Lockheed Martin delivered the first Mid-Range Capability (MRC) battery, also known as the Typhon Weapon System, to the United States Army Rapid Capabilities and Critical Technology Office (RCCTO). MRC is comprised of launchers, missiles and a battery operations center developed to address surface threats. It is part of the Army’s top modernization priority to develop and field new long-range precision fires capabilities. Lockheed Martin’s investment in modern engineering processes and digital transformation enabled the company to scale its Aegis Command and Control functions and the Mark 41 Vertical Launching System to quickly meet Army long-range fires needs. Leveraging existing missile and launcher systems maintains commonality with other critical Army and joint service programs with the Navy, Air Force and Marines and enables the Army to accelerate fielding.
“The MRC rapidly progressed from a blank piece of paper in July 2020, to the Soldiers’ hands in just over two years. The RCCTO team, as well as our joint service and industry partners, delivered this hardware so Soldiers can begin training as quickly as possible,” said Lt. Gen. Robert Rasch, Director of the Army Rapid Capabilities and Critical Technologies Office (RCCTO).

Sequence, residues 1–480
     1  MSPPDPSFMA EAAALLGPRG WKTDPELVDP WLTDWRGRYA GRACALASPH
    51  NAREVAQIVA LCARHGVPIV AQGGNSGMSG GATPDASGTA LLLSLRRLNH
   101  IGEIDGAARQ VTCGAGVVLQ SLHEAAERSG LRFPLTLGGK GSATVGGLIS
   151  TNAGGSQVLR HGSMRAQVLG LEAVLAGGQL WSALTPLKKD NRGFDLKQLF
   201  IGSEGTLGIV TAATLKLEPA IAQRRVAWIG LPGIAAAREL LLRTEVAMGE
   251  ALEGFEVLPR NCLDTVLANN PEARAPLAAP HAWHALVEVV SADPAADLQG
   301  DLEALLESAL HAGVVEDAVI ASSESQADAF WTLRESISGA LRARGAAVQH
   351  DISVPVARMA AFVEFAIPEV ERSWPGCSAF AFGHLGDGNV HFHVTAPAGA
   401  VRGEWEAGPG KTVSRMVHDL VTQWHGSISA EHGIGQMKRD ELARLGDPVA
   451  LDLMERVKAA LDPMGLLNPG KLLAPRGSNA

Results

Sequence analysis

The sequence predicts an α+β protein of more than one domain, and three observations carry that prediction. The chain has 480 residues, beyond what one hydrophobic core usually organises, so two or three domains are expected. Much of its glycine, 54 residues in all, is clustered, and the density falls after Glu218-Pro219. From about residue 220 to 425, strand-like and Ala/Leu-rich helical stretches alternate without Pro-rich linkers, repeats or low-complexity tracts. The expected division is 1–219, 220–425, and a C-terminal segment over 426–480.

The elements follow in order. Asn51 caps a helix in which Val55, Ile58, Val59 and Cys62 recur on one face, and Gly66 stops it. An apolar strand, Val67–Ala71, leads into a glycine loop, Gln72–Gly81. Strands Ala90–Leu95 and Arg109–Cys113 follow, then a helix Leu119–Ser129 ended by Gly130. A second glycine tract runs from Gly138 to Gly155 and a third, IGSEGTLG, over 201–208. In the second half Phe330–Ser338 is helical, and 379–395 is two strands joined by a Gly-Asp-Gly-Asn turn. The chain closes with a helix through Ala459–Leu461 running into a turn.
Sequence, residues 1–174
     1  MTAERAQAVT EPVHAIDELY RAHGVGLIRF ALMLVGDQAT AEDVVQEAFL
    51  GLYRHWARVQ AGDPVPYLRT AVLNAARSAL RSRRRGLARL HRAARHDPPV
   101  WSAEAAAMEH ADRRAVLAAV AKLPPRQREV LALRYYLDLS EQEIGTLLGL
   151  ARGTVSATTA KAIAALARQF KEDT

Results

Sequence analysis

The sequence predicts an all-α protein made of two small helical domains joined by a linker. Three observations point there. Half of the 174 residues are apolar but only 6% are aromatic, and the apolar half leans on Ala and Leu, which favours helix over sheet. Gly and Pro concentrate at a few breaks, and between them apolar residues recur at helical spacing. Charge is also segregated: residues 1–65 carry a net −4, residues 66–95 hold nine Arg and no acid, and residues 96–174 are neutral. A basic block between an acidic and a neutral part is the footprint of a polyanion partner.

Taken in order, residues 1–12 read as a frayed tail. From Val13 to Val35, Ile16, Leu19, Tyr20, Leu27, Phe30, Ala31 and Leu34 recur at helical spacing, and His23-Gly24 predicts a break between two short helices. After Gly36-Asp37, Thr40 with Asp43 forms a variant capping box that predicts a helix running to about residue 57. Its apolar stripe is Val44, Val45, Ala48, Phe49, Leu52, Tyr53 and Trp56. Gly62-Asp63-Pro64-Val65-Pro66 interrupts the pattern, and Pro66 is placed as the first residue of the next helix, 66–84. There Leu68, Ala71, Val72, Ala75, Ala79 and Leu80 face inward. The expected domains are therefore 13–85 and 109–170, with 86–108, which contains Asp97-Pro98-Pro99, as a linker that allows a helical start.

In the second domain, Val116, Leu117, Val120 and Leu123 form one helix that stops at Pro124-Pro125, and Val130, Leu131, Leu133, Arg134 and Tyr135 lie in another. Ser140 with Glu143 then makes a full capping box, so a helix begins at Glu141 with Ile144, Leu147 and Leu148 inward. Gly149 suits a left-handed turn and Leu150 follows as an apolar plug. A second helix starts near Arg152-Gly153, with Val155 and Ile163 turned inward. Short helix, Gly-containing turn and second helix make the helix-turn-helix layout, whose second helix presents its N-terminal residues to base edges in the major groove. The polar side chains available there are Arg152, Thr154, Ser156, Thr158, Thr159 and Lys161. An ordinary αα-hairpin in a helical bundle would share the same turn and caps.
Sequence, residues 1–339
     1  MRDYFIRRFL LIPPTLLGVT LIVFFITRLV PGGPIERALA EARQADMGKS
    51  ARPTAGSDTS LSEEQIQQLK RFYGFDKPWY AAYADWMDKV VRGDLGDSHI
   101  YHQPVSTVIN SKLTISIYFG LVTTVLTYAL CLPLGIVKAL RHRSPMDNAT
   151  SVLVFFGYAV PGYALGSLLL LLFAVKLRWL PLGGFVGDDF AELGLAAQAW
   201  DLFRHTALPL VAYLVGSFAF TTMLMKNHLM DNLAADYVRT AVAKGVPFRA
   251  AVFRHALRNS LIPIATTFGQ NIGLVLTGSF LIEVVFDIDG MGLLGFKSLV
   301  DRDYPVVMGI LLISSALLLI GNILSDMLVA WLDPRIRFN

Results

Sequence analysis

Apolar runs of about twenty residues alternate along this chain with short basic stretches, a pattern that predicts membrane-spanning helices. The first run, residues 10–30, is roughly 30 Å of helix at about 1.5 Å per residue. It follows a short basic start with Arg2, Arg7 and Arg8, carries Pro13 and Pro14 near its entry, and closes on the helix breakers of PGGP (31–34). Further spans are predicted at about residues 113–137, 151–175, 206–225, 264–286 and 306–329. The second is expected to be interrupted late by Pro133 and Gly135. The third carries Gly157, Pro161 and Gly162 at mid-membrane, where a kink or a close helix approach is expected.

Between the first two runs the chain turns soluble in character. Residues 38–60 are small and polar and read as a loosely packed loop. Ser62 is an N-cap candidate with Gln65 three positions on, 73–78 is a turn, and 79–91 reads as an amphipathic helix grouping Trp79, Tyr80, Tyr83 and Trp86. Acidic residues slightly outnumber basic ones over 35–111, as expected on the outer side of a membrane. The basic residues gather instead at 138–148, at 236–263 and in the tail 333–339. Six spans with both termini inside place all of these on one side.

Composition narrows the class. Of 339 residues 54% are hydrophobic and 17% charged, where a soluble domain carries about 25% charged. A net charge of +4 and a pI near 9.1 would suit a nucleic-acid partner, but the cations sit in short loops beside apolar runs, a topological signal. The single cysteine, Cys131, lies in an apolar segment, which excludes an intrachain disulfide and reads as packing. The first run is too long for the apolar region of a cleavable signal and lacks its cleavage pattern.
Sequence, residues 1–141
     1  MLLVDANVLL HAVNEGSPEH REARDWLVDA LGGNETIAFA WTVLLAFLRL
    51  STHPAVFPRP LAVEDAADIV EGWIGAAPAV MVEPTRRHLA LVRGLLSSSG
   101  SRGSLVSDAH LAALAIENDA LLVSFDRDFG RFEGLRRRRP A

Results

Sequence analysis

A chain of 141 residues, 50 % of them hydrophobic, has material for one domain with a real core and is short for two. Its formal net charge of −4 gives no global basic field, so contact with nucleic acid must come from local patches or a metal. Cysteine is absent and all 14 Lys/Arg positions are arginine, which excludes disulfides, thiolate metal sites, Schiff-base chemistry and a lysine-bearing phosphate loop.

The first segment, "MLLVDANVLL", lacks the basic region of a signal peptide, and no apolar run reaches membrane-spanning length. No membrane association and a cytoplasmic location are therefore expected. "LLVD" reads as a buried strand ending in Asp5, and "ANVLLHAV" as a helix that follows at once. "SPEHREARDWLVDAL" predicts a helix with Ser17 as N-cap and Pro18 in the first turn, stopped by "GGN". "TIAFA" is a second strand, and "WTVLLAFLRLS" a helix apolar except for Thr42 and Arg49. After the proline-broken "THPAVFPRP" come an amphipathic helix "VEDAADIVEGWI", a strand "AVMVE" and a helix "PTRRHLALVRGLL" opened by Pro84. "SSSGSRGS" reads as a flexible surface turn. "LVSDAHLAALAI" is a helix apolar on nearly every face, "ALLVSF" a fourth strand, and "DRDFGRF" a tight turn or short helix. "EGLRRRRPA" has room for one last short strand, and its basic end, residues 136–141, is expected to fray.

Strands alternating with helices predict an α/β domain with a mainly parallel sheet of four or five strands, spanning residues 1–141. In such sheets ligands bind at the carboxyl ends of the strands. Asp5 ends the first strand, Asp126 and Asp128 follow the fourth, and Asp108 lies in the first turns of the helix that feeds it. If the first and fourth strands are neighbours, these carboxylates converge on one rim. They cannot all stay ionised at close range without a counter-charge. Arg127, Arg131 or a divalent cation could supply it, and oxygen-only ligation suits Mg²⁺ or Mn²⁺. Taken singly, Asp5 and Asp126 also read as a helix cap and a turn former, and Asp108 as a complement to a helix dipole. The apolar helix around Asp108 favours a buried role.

“Our collaboration with the U.S. Army enabled us to form a deeper understanding of its most critical mission needs,” said Joe DePietro, Lockheed Martin general manager and vice president. “That partnership enabled us to leverage technologies across our ships, launchers and combat systems programs to design, develop, integrate and quickly deliver a solution to meet the Army’s mission requirements. We created new capabilities through integration of existing and evolving technology to ensure our warfighters are ahead of ready.”
MRC is the latest mission capability Lockheed Martin developed for RCCTO to help the Army transform into a more agile, multi-domain force. It provides a combined operational capability to address specific threats to penetrate, dis-integrate, and exploit targets critical to the joint fight. This capability helps achieve the Army’s modernization goals of speed, range, convergence, decision dominance, and overmatch to defeat adversaries and provide support in multi-domain operations. The idea was to create a capability to strike targets somewhere between the 500 and 1,800 km range, or greater than the future Precision Strike Missile (PrSM) but shorter than a Long-Range Hypersonic Weapon (LRHW) system. To do this, army programme officials joined forces with the navy to leverage existing capabilities such as the Mark 41 Vertical Launching System (Mk 41 VLS), and the Tomahawk and SM-6 missiles.